Hospitals across London are racing to tackle a backlog of tens of thousands of urgent operations that need to be carried out in the coming weeks to prevent patients dying or losing limbs, The Independent has learnt.
The slow decline in Covid patient numbers means many hospitals across the capital are warning they will still be relying on extra staff, and “surge” beds opened at the height of the crisis, well into March.
NHS bosses have been briefed that across the city there are about 15,000 priority two (P2) patients. These are classed as needing urgent surgery, including for cancer, within 28 days, or they could die or be at risk of losing a limb.
But the lack of available operating theatres, nurses and anaesthetists mean the city has a shortfall of more than 500 half-day surgical lists a week.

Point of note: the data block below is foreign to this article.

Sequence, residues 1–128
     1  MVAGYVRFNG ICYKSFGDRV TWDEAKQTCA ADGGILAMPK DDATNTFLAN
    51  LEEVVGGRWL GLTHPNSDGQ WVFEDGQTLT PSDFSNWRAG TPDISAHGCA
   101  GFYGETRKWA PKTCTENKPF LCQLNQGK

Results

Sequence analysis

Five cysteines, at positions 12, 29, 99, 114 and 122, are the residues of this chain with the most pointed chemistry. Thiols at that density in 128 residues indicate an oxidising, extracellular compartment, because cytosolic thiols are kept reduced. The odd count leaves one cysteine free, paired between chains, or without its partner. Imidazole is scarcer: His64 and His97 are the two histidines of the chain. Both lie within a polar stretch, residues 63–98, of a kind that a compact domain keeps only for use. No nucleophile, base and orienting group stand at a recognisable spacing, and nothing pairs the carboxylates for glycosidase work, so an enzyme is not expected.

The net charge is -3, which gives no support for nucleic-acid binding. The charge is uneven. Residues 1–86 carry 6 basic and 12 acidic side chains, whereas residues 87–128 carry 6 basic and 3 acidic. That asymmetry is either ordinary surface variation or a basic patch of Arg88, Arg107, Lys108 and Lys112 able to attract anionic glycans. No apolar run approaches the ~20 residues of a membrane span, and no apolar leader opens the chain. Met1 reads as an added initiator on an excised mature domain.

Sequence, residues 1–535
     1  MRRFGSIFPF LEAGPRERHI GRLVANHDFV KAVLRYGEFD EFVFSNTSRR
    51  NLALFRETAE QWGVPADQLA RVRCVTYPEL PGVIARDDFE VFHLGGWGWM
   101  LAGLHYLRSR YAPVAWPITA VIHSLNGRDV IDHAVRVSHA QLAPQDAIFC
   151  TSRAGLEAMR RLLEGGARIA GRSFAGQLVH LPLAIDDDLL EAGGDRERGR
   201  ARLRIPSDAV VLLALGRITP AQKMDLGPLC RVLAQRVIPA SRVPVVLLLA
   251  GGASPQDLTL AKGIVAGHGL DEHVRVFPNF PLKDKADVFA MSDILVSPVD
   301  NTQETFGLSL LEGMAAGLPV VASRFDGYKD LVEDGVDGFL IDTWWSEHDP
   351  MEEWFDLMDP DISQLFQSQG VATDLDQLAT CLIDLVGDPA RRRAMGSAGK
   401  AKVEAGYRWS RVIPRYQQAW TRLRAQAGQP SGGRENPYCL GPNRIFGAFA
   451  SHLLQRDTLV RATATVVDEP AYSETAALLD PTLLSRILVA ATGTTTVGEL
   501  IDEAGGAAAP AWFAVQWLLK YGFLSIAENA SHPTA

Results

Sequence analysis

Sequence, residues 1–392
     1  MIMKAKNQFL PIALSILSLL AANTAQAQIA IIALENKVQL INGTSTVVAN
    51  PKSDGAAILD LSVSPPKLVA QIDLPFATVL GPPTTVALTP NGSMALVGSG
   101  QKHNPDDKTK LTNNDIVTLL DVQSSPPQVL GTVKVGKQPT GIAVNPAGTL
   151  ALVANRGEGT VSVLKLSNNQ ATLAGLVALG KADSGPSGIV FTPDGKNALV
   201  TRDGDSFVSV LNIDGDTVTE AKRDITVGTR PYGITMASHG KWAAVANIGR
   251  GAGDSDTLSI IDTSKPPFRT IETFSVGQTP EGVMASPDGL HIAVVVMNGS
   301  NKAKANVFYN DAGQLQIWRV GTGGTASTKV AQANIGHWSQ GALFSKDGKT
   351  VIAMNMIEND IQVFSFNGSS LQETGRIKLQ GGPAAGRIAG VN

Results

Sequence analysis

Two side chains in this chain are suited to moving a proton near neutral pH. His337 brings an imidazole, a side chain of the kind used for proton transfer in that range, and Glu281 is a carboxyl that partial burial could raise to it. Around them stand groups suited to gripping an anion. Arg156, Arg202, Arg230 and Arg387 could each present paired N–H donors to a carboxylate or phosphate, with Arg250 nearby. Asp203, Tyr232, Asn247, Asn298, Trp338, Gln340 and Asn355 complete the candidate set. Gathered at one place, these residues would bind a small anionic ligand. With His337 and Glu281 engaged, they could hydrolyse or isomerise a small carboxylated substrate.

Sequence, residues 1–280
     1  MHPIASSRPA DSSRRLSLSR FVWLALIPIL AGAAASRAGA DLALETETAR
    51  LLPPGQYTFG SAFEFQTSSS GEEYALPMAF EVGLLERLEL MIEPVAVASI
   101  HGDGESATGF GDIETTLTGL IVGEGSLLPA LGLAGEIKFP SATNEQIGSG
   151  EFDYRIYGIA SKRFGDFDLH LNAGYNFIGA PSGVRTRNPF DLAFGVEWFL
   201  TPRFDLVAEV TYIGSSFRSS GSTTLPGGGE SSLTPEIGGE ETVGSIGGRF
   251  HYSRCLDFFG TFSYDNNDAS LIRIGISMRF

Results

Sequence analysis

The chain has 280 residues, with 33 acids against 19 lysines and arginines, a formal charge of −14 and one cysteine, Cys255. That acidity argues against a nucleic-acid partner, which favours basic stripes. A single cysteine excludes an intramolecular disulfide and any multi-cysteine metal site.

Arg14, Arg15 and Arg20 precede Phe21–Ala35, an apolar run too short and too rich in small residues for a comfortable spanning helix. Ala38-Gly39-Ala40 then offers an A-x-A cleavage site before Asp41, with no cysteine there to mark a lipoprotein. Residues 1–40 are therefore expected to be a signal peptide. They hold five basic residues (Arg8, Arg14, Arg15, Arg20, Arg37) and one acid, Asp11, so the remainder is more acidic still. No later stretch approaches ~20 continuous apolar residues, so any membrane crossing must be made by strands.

The Independent has spoken with multiple NHS insiders and seen briefing documents detailing the challenges facing the capital’s hospitals, which are expected to last up to 21 March in some areas.
One briefing warned: “Hospitals have insufficient capacity to meet urgent elective demand for P2. P2 demand is intended to be seen within 28 days, the surge has occurred for over 28 days. Patients who would normally have been seen are waiting longer than clinically advisable."
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Source: The Independent, 25 February 2021